Saturday, February 4, 2012

Interview with Epic Fantasy author Sean Van Damme

When did you start writing? What did you first write?
I started writing from a very young age, but knew that was what I wanted to do in 7thgrade when I started working on a grand Sci-fi novel.  That was what I wrote for a long time before I moved to scripts and fantasy and such. Looking back now at those hundreds of pages of loose leaf paper the pure joy and “I’m not paying attention in class” still brings a smile to my face. 
Tell us about the fantasy world(s) you make up. What are they like?
The world that I created for The Long Night, is a fractured land of city-states and small independent townships. The people are far to fractured and petty to ever fall under a single king, and the warfare among the cities is so common that the world is to weak for a single group to come out on top.  When I was outlining the book the story was going to be a Mod for Dragon Age: Origins, so the world fit into a feel that would have worked right with the engine, and was also colored by my having just finished reading A Song of Ice and Fire, I came late to that game what can I say.
As a world builder I wanted to avoid some of the tropes that I saw to often like powerful kings, mage and thief guilds etc running the show. I also only put in a second race aside from Humans and those were Dwarfs. I decided to do something different with them as well turning them into refugees whose city had fallen into a massive underground air pocket.
The only thing that in any way unites the whole world is religion an the worship of their lord of light Hyack, whose followers have built a very strong institution and army that gallivanting around crusading, as they see heretics everywhere, if they had power armor they would be Warhammer 40K marines.
How do you work out a magic system for your world? Do you prefer a lot of magic? Light magic? And why?
I went with a middle ground for magic, it wasn’t something that hid in legend, and wasn’t so omi-present that people had lost any awe for it. As such I also didn’t want my caster to be to over powered so I put down limits to how it worked. I gave it an almost scientific explanation; the mages can see down to the components of our world and manipulate them, such as causing water molecules to slow down forming ice, or pushing the air into a pocket crushing a goblin’s head. At the same time this puts a strain on the caster meaning that most mages can only cast a few spells before they start to get light headed.
Being that it was scientific magic is something that can sort of be learned, a mildly powerful mage with much practice and reading can become more powerful, whereas most people who are born so strong that they can move walls as children tend to go insane, do to parts of their brain pushing out other parts, and are put down by the magic establishment because they are to dangerous.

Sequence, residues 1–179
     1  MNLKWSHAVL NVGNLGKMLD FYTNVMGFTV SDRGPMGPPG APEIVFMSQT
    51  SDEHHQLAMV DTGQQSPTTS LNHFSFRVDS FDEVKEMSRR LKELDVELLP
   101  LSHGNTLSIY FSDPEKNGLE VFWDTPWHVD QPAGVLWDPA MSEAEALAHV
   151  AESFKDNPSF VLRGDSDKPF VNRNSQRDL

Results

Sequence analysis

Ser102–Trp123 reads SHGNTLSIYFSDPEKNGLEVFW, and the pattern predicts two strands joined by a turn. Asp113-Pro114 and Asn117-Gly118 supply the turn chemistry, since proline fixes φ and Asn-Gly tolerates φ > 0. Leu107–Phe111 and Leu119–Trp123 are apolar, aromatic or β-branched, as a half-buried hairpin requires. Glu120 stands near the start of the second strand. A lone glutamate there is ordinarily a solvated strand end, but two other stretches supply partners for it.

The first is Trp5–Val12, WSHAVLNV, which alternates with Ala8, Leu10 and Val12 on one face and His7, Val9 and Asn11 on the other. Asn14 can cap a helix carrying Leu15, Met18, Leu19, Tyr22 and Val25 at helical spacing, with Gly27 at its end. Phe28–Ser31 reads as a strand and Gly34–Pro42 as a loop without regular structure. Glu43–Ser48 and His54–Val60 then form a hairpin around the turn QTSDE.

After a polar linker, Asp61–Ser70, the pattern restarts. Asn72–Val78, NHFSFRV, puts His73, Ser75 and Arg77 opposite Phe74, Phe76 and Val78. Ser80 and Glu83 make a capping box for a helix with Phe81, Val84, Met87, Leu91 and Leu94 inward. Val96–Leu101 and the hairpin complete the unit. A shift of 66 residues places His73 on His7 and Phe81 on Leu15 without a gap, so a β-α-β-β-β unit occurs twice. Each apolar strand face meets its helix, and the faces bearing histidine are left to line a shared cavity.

What is the hardest thing about making up a fantasy world? Why?
Trying to not make it cookie cutter, but at the same time not making changes and decisions just to be different. Everything had to make sense, and had to support the story. I didn’t want to get bogged down creating thousands of years of history only to use a fraction of it on the page. I outlined a lot of history but only developed what I needed, and even then about half of that didn’t make it to the page.  After I finished when I was outlining the prequel trilogy (which has been pushed back in my ever expanding queue) I went into more depth about the world history and subcultures etc.
Tell us about your most recent main character. Would we want to share a meal with them? Why?
Well if we stick to fantasy my most resent main is Alen Tar, he would be pleasant enough to share a meal with as long as you didn’t bring up the past, he has a sore spot for his past failings and can never let those go. Otherwise he would be polite if a little cold.
What about the villain of your most recent novel. How did you make them up? Would we be scared to meet them in a dark alley?
In The Long Night the villain is far more the darkness and their own demons and pasts, and less the Prophet of darkness or Val’Mal both of which are more generic evil then I would have liked but such is life. 
What is your next project?
Right now I am banging out a few thrillers that were in my head keeping me from writing other things, then I am going to go and knock out that Sci-Fi story that I started in 7thgrade.  Fantasy was something I fell into quite by accident and really surprisingly enjoyed writing.  I have some ideas for more books in my world, but they haven’t completely crystallized yet so I am letting them ferment in my brain before I tackle them full on.

The Long Night is available for Kindle and Nook for only $2.99.

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